Twitter Puts Geotagging Tools in Place
Twitter has announced a new feature that will give users the ability to send their location with each tweet.
The new geotagging API tools are available only through the Twitter API, and are not part of Twitter.com just yet. So, if you’d like to post geodata with your tweets, you’ll need to use a third-party application that supports the new features. Expect updates to the most forward-looking clients soon.
The geodata tools are also opt-in, meaning that you’ll have to head to your account settings and check “enable geotagging” before any application is allowed to send geodata with your tweets. If broadcasting your location strikes you as an invitation to an Orwellian nightmare, just ignore the new settings.
Judging by the way Twitter has set up the API, the geotagging tools are intended mainly for mobile applications running on platforms like the iPhone or Android, both of which have GPS or similar sensors for detecting location and can offer geodata to applications. Approve the Twitter app of your choice to access your location and it can then send the geotags along to Twitter.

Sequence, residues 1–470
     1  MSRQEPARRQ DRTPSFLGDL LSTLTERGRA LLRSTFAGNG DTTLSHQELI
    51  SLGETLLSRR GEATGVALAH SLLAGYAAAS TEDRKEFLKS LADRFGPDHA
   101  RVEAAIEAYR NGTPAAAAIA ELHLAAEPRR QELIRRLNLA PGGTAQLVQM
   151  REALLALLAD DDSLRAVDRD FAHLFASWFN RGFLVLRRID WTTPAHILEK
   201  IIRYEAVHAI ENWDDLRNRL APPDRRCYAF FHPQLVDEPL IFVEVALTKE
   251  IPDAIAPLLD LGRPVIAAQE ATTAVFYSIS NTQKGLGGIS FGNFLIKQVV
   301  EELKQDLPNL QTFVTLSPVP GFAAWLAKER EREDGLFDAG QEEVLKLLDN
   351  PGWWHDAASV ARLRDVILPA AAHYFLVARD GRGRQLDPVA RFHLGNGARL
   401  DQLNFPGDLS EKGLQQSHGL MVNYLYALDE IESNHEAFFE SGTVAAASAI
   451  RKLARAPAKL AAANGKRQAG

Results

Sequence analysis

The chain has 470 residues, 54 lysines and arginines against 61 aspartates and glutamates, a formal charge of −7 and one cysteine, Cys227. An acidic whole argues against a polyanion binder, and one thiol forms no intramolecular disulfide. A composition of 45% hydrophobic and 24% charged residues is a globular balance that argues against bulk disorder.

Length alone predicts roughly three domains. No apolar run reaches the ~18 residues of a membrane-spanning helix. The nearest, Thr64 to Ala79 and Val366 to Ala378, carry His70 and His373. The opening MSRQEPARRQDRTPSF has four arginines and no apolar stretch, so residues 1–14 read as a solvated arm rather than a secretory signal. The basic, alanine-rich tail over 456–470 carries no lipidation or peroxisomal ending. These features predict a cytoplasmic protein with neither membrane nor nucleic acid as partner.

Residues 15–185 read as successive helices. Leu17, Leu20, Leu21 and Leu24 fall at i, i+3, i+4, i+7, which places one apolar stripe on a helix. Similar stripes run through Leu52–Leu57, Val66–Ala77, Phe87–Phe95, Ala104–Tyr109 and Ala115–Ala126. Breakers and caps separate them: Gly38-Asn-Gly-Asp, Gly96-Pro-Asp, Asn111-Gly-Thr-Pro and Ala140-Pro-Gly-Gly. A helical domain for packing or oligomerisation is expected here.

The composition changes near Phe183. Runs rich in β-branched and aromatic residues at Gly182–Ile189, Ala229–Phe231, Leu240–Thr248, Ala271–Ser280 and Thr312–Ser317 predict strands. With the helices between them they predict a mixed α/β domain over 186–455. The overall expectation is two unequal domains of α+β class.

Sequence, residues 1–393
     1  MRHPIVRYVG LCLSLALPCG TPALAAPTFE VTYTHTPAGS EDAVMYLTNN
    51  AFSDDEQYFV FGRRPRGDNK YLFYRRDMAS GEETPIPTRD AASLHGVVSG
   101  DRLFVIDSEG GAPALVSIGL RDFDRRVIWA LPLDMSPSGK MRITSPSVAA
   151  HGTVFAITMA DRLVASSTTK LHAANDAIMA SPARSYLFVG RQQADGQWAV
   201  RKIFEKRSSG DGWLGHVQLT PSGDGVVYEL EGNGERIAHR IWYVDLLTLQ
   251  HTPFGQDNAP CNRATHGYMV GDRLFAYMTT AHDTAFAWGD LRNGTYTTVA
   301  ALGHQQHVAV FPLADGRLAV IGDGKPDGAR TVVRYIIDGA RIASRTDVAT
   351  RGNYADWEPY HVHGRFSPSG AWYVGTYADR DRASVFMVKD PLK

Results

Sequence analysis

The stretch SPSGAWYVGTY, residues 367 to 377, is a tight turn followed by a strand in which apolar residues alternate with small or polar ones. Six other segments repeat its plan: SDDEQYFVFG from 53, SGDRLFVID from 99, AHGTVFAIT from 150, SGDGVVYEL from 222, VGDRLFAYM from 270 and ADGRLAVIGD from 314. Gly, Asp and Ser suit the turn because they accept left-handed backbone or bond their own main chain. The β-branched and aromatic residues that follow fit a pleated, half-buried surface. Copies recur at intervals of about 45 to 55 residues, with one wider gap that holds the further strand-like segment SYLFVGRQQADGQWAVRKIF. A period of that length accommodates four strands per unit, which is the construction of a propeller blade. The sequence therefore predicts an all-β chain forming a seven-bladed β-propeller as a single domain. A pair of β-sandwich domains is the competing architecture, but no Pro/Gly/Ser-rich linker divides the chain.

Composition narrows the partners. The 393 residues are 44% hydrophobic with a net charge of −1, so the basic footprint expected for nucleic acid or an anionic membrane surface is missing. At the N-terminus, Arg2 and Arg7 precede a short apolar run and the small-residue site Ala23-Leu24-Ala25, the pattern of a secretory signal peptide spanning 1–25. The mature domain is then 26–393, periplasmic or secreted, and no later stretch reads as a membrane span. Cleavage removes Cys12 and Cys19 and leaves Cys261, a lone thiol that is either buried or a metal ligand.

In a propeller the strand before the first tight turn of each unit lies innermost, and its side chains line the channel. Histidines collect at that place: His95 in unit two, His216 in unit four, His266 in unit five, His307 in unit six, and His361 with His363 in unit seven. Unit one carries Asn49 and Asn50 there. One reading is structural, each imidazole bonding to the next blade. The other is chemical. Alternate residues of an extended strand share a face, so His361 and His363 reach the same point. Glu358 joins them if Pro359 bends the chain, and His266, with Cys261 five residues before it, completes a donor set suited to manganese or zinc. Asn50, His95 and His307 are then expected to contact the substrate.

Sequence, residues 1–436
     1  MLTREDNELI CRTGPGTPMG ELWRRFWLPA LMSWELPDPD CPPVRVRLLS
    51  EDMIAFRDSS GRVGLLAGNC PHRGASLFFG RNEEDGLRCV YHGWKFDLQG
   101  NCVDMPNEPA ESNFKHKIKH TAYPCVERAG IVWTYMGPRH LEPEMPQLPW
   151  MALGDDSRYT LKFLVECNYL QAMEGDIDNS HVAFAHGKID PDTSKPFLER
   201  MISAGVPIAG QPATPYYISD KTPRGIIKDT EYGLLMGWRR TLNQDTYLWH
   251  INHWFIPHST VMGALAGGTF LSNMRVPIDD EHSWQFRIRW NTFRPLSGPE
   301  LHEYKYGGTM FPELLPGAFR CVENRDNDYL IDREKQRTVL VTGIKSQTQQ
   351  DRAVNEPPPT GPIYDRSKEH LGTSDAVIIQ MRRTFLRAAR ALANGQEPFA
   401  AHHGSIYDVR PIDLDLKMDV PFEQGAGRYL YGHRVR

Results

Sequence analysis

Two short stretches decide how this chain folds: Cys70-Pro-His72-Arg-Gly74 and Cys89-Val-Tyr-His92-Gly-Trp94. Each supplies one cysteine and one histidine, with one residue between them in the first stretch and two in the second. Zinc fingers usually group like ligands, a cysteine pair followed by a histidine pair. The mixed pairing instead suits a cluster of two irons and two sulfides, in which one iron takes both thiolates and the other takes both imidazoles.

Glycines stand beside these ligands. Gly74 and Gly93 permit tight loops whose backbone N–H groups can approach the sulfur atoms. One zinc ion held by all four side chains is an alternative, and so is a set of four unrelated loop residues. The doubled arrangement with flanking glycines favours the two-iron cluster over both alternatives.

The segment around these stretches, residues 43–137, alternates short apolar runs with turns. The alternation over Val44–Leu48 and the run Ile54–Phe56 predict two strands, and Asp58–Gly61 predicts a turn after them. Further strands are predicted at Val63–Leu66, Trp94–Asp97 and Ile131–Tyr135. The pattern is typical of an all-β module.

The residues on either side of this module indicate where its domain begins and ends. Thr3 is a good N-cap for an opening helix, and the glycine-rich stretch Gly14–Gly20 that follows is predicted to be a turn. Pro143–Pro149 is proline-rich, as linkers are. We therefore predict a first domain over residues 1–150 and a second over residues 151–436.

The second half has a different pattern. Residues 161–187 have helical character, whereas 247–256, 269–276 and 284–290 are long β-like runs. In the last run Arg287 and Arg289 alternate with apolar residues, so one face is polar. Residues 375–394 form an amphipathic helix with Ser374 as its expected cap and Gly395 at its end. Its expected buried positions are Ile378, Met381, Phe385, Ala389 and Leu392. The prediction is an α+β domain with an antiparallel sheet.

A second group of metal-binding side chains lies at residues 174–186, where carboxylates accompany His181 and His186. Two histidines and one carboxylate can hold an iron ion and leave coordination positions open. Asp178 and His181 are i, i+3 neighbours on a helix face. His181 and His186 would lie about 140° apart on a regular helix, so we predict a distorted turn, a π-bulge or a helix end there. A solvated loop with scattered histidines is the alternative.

In addition to the obvious — the ability to search for nearby tweets — the added geo information opens up a whole new realm of Twitter mashups — travel guides, local music searches and most likely quite a few things no one has thought of yet.
It also serves as both a boon and a challenge to the various location-based games and services that have sprung up along Twitter’s coral reef. Services like Foursquare, Loopt and Gowalla, which exist as separate apps, but incorporate Twitter for passing status messages, will have the ability to geotag those status messages. Likewise, you could run a simple Twitter search for messages geotagged with the location of the restaurant you’re currently sitting in and get recommendations from other Twitter users about which menu items to try.
Of course given the opt-in nature of geotags (a good decision on Twitter’s part), searches looking at only geotagged tweets will likely be a minority sampling of what’s actually happening on Twitter.
Developers interested in using the new API in applications and mashups should check out the new documentation.